Exploration/Exploitation Applied

In my previous post, I discussed the exploration/exploitation tradeoff that is inherent to optimizing under significant uncertainty, and alluded to some of the ways that this influences my thinking. In this post, I want to give some examples of how using this framework has actually changed my behavior.

From a Global Parameter…

As far as I can tell from using my introspection, it does seem like the exploration/exploitation tradeoff exists as something of a global variable in mind space. Where I am located along that spectrum changes the way I interact with the world. One notable example is how my curiosity functions. In exploration mode my curiosity is free floating, attaching to anything that catches my attention. This is Wikipedia plus tabbed browsing. In contrast, when I am in exploitation mode my curiosity is goal-directed. What specific skills do I need to accomplish the task at hand? I am very motivated to learn exactly what I need to know to make things happen.

My reward system even seems to function differently. In exploration mode, it feels intrinsically rewarding to learn new facts about the world, and even more rewarding to tie all of these facts together into some kind of coherent world model. In exploitation mode, what feels intrinsically rewarding is getting things done, of making a concrete plan broken down into substeps and methodically ticking it off line by line, of looking back at the end of the day and pointing to everything I have accomplished. It is useful to notice when I am in one mode or the other, so that I can utilize my respective strengths and figure out what is going to be fulfilling at the end of the day.

In my own case, I used to have this variable stuck all the way in “exploration mode”. This persisted (ironically) until my exploration led me to discovering this trade-off a few years ago, at which point I realized I was neglecting skill acquisition and concrete deliverables. This led to a period of rapid self-improvement, as I identified the lowest hanging fruit in my own life and optimized my situation.

…to Micro-Behaviors

On the opposite extreme, I notice this trade-off very acutely when looking at my habits of thought and behaviors. My tendency is for my behaviors to become ossified relatively quickly without active intervention – after an initial learning period (where no habits already exist), as soon as I satisfice my original criterion, I will settle into a routine and execute that pattern almost exactly time and time again. One example I like to use is how I shave. I will pretty much execute the exact same strokes in the exact same pattern. Is this method of shaving likely to be optimal? No. It takes me a while to shave right now, for example, and it’s possible I could cut down my time significantly by trying different techniques.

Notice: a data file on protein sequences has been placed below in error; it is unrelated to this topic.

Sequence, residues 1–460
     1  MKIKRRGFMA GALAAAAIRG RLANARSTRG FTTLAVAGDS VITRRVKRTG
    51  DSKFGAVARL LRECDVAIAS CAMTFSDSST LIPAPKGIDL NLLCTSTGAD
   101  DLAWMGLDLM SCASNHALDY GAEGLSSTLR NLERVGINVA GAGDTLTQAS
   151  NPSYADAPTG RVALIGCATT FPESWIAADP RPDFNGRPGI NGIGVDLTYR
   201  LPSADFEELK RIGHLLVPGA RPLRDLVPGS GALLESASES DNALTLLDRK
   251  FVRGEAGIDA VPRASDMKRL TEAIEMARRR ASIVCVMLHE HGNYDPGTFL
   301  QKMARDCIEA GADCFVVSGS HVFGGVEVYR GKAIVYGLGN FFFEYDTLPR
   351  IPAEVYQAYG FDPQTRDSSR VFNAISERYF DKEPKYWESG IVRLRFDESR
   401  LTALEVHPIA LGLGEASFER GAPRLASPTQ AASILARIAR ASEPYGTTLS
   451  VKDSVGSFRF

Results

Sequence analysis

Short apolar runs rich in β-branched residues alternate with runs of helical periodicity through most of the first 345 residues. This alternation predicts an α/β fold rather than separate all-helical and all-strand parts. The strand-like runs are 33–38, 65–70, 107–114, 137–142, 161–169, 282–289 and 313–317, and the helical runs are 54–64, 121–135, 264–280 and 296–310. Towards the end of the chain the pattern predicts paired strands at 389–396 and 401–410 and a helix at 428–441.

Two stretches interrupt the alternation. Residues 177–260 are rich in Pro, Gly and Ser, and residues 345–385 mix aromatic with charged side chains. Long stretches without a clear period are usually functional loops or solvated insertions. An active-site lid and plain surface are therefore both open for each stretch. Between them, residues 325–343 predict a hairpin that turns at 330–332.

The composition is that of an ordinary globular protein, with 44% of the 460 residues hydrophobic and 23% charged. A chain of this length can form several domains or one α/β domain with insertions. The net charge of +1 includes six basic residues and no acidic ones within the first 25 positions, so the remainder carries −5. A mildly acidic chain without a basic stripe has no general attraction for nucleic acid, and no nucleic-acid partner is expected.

So how does thinking about this framework actually help me in practice? Because I realize when I have switched into exploitation mode, and I have some idea of how long I’ve been there. At that point, I can consciously choose to try something novel again, even if I’ve been doing something the same way for years. This gives me the opportunity to actually optimize the things I care about, instead of merely satisficing them.

And remember that this framework can be applied all the way up and all the way down. After each iteration of knocking myself out of a habitual behavior and trying something novel, I can update on my new solution. Did I achieve a substantially better solution? If so, further exploration is likely to be fruitful. Did I try doing this three times in a row without any results? Then perhaps I’m already close to an optimum. I will revisit habits multiple times over the years, but each time I do it I will let a little more time pass between trials. Over time I get more of a sense of when something is optimal or not, and how fruitful these sorts of explorations are, and adjusting my frequency of adjustment accordingly.

Mate Selection

One of the most important decisions we can get right is in picking our life partner. Relationship satisfaction is one of the strongest predictors of life happiness, as anyone who is in a difficult relationship will tell you. The majority of people do eventually settle down with someone (or more commonly these days a sequence of someones), so this is clearly a widely held human preference.